Weekly output: Neil deGrasse Tyson, iCloud files, Mountain Lion notifications

This was not a good week for productivity. The inauguration took out Monday, and a couple of late nights for inaugural festivities made the cold I was already feeling a lot worse. Then caught a glancing blow from some kind of stomach bug that left me uninterested in eating for 20 hours or so.

I could take notes and socialize at the events I went to Tuesday and Wednesday–washing my hands all the time to try to avoid sharing my illness–but I didn’t have the strength to write anything once I got home. And while I did file two things I’d been working on for the Disruptive Competition Project blog Friday afternoon, neither was posted. Hence the total of two headlines on this week’s list.

Ars Technica NdGT post1/24/2013: Neil deGrasse Tyson: science funding can “guarantee your economic future”, Ars Technica

My NASA Tweetup connections led to an invitation to a talk by one of America’s favorite astrophysicists to mark the launch of a new House Science and National Labs Caucus; then I wrote up his lecture and Q&A for one of my favorite tech-news sites. I tried to put his talking points into the political context of how hard it can be justify government funding of any new projects.

In the process, I had to leave out some notes about the sense of humor Tyson displayed, such as a comment about the compatibility of astrophysics’ shorter words with hip-hop lyrics (“I can’t rhyme with orthoclase feldspar or deoxyribonucleic acid”). So if the post makes him sound like a scold, that’s on me.

1/27/2013: How do I move files from iCloud to Mac?, USA Today

I knew iCloud didn’t act like other Web-based file-storage services, but I didn’t realize how much it departed from OS X’s traditions until I stumbled across the one easy way to move multiple files from iCloud back to a Mac–using iCloud file dialogs. The column also includes a tip on making Mountain Lion’s Notification Center less intrusive.

On Sulia, this week’s highlights included my first impressions of Facebook’s Graph Search, continued excoriation of CBS Interactive’s interference with CNET’s reviews, context about smartphone unlocking becoming illegal (again) this weekend, and some snarky comments about Twitter’s new Vine six-second-video-clip service.

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Weekly output: Mat Honan, Mike Daisey, pausing telecom service, “Free Public WiFi”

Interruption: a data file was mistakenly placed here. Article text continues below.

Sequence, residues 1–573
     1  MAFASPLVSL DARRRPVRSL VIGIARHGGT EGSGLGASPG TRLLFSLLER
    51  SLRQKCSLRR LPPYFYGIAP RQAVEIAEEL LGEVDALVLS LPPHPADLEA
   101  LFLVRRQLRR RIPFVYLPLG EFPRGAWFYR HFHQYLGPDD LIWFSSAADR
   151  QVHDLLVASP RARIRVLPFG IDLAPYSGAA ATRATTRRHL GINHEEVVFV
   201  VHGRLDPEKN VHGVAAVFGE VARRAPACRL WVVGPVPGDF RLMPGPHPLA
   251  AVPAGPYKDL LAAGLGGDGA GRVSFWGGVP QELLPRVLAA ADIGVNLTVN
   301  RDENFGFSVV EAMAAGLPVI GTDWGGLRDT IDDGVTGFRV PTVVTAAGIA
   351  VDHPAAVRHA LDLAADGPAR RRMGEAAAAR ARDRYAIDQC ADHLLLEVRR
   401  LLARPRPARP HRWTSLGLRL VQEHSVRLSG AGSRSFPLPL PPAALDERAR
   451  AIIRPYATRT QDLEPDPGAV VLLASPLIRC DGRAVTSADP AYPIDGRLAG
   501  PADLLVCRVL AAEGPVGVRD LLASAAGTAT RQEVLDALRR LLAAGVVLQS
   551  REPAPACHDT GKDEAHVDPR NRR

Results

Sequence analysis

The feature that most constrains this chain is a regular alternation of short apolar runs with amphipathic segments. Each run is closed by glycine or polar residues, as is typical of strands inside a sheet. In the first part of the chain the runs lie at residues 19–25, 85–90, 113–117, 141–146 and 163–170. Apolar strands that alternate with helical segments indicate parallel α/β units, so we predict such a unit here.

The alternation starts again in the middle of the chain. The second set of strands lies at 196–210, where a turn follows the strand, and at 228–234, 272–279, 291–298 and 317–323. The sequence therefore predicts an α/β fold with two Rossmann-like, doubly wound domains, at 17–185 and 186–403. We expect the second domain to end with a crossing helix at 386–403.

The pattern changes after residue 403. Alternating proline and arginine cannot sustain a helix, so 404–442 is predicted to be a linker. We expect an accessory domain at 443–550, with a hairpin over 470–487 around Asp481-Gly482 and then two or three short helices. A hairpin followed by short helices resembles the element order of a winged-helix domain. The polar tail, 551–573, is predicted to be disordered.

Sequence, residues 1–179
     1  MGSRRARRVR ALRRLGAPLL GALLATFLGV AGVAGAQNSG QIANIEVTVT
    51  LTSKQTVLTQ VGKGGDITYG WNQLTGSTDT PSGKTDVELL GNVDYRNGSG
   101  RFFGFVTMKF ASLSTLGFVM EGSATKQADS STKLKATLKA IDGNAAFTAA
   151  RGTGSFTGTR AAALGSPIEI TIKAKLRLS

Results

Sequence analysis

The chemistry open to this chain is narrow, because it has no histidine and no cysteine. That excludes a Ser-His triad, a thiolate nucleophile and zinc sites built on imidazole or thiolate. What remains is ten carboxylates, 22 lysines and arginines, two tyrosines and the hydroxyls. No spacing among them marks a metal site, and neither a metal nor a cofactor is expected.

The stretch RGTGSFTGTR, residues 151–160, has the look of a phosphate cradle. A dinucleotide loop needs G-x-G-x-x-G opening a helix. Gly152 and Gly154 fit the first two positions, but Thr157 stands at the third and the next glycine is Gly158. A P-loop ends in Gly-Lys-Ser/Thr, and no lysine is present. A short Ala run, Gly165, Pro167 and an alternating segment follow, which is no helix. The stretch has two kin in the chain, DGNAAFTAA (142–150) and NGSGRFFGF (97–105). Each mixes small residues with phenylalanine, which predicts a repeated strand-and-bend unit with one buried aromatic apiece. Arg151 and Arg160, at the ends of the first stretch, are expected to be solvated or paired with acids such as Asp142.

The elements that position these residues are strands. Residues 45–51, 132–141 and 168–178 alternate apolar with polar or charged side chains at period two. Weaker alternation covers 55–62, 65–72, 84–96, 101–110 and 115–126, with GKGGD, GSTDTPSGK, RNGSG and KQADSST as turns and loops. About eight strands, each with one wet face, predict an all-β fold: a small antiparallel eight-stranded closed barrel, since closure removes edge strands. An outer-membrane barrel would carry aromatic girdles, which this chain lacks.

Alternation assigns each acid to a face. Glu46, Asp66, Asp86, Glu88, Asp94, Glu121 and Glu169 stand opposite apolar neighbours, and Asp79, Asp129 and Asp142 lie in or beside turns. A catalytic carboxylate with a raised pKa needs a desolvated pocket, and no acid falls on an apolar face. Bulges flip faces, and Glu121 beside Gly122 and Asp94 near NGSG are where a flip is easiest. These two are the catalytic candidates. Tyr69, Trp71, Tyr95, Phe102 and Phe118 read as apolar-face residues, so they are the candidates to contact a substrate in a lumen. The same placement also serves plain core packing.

Two of this week’s posts involved other people’s stories–either adding context to them or critiquing the storytelling itself. (I also filed one post and a podcast for CEA, but they haven’t gone up yet. I’m blaming the fact that it’s August in D.C.)

8/8/2012: Hacking Nightmare Comes True: Mat Honan’s Story, Discovery News

After reading Wired writer Mat Honan’s Tumblr post about how hackers had hijacked his iCloud and Twitter accounts, deleted his Google account and remote-wiped his iPad, iPhone and MacBook Air, I wanted to know how such a thing could be possible. After reading his explanation of the hack on Wired.com, I wanted to write about it myself–both to yell at Amazon and Apple for their (now fixed) security flaws that enabled the hack, and to remind readers of what they can to prevent the same thing from happening to them. It helped to talk to Honan over the phone on Tuesday morning and hear the stress and anger in his voice. (I enjoy Honan’s work, and he and I were on a radio show once, but I don’t think we’ve met face to face.)

8/8/2012: How Mike Daisey retooled The Agony and the Ecstasy of Steve Jobs, Ars Technica

Some 17 months after I first saw Daisey’s monologue about Apple, I returned to the Woolly Mammoth Theatre Company in downtown D.C. to catch the 2.0 version, stripped of the material he fabricated earlier about Apple’s outsourced manufacturing in China. This was the first time in years that I’d taken notes on a paper notepad (the prior item in this one was a set of questions I jotted down for a video interview with Steve Wozniak I did for the Post in late 2009).